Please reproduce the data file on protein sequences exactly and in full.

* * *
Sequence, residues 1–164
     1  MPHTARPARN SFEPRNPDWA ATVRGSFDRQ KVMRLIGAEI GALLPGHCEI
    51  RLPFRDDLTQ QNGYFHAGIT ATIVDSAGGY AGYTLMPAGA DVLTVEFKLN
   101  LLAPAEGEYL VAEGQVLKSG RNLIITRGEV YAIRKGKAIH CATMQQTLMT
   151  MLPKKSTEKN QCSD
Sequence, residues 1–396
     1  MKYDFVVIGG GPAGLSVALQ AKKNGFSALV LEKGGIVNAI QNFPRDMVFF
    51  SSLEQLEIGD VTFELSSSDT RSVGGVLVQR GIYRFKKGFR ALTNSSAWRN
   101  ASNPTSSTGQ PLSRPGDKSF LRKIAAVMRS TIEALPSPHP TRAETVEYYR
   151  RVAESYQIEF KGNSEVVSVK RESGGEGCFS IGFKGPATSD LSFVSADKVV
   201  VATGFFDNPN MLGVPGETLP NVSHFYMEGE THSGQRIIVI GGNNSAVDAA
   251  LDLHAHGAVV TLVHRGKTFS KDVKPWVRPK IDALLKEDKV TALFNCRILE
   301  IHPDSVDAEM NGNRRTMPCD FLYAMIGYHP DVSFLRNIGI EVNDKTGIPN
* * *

Sequence, residues 1–164
     1  MPHTARPARN SFEPRNPDWA ATVRGSFDRQ KVMRLIGAEI GALLPGHCEI
    51  RLPFRDDLTQ QNGYFHAGIT ATIVDSAGGY AGYTLMPAGA DVLTVEFKLN
   101  LLAPAEGEYL VAEGQVLKSG RNLIITRGEV YAIRKGKAIH CATMQQTLMT
   151  MLPKKSTEKN QCSD
Sequence, residues 1–396
     1  MKYDFVVIGG GPAGLSVALQ AKKNGFSALV LEKGGIVNAI QNFPRDMVFF
    51  SSLEQLEIGD VTFELSSSDT RSVGGVLVQR GIYRFKKGFR ALTNSSAWRN
   101  ASNPTSSTGQ PLSRPGDKSF LRKIAAVMRS TIEALPSPHP TRAETVEYYR
   151  RVAESYQIEF KGNSEVVSVK RESGGEGCFS IGFKGPATSD LSFVSADKVV
   201  VATGFFDNPN MLGVPGETLP NVSHFYMEGE THSGQRIIVI GGNNSAVDAA
   251  LDLHAHGAVV TLVHRGKTFS KDVKPWVRPK IDALLKEDKV TALFNCRILE
   301  IHPDSVDAEM NGNRRTMPCD FLYAMIGYHP DVSFLRNIGI EVNDKTGIPN